Arnold Newman was a man who didn’t like labels. He invented a proper and modern style of photography that, in addition to breaking with the different schemes and classic traditions that defined the portraits, turned him into a legend.
Many important and famous characters of the American Society and the world, from politicians to artists, decided to pass through his camera lenses to be immortalized in such a unique way.
Arnold Newman was born on March 3, 1918 in Manhattan, New York. He demonstrated from his childhood and early adolescence a deep talent for drawing and painting. He grew up in New Jersey and then moved to Florida, where he studied art at the University of Miami at Coral Gables.
Two years later, he was forced to abandon his studies due to the Great Depression. From then, he moved to Philadelphia in 1938, where he was employed in a photo studio that made quick portraits at a low price (49 cents). He learned the profession of photography when he worked as an assistant to the photographer Leon Perskie in that studio.
That job would be the first step of a successful photographer career. In his early days, Newman concentrated his work on social and documentary photography, which he practiced in the black neighborhoods of West Palm Beach, Philadelphia and Baltimore.
“You don’t take pictures with your camera. You take pictures with your mind and your heart.”
– Arnold Newman –
In June 1941, Beaumont Newhall and Alfred Stieglitz discovered his work and decided to support it, allowing the first exhibition of his photographs to be held at the “A.D. Gallery” in New York in September 1941.
Shortly after, due to World War II, he moved back to Florida and between 1942 and 1945 made portraits of contemporary artists. in 1945, Newman returns to New York where he established the majority of his reputation working for Harper’s Bazaar, Look, Fortune and many other important magazines.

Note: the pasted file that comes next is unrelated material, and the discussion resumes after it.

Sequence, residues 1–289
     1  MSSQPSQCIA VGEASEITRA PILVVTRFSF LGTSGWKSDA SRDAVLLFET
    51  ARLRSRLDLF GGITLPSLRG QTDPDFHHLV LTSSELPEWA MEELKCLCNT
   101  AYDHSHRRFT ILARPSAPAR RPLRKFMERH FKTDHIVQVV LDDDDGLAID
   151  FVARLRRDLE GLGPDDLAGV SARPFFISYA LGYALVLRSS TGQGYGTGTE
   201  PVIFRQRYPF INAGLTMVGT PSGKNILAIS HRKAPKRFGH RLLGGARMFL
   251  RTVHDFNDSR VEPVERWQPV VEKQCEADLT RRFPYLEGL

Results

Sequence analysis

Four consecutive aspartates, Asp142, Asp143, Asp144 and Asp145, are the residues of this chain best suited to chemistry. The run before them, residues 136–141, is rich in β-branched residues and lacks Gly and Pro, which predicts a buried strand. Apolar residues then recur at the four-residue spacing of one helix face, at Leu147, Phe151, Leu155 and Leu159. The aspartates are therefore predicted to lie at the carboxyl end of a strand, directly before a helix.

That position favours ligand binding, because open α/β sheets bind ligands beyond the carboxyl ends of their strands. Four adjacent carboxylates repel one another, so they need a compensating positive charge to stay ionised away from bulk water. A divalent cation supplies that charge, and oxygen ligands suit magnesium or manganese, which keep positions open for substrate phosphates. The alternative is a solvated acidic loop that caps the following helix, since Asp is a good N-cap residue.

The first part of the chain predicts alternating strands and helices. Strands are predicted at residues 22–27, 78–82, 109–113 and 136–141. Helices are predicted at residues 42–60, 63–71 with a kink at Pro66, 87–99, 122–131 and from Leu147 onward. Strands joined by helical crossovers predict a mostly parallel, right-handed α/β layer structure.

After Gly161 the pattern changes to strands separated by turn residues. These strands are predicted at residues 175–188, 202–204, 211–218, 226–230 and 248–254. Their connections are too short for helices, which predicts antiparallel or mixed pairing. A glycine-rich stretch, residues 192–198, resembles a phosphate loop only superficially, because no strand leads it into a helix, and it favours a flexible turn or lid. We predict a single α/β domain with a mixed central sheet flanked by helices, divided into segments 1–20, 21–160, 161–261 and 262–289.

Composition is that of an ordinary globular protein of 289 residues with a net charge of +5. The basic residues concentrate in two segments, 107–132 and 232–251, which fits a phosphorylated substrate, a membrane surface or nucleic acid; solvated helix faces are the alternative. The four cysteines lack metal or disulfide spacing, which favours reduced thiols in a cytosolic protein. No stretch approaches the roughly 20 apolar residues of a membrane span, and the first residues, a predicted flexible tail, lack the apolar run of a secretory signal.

In August 1947 he began his collaboration with Life Magazine with his first cover (of a total of 24 that he did throughout his life). Other publications with which he collaborated were New York Times, “Portfolio” or “Werbung”.
Among his most famous photos are a portrait of Pablo Picasso made in 1954, where the painter has his head reloaded in his hand looking intensely towards the camera, and a somewhat abstract image of the composer Igor Stravinsky at the piano, taken in 1946. Even though his portrait of Stravinsky was rejected by Harper’s Bazaar, it is one of his most sold and famous photographs.
Arnold Newman was able to develop his own style because he decided to break with the classical traditions of the moment, which were mostly based on painting, where the human figure was considered the focus and the most fundamental part of a composition, and the rest of the image was just a mere background without any importance. As a portraitist, he knew how to integrate all the elements of the photographic composition, so he changed the perceptions that had existed until then.
For him, the environment (or the contexts) that surrounds the subject (social, professional or even private spheres) are essential and are part of the person, and therefore, he always incorporated them as a fundamental component of his portraits. This is how he ended up developing his “environmental portrait”.
Arnold Newman developed and adapted this bright visual concept for each individual. Because of this, this characteristic differentiated him from many other portrait photographers, because he did not portray a mere background but that it becomes the context that describes and explains the photographed character.
It was not surprising that notable characters such as Marlene Dietrich, John F. Kennedy, Marilyn Monroe, Ronald Reagan, Audrey Hepburn and Salvador Dali (just to mention a few) decide to pass trough his lens.
He received numerous awards, including a prize at the Photokina in 1951, a gold medal at the Venice Biennale of 1963, a prize for a lifetime of work by the American Society of Magazine Photographers in 1975 or Master of Photography of the 1999 Infinity Awards. The University of Miami made him an Honorary Doctor in 1981.
After his death due to a heart attack on June 6, 2006, an important part of his legacy was acquired by the “Harry Ransom Humanities Research” Center of the University of Texas at Austin.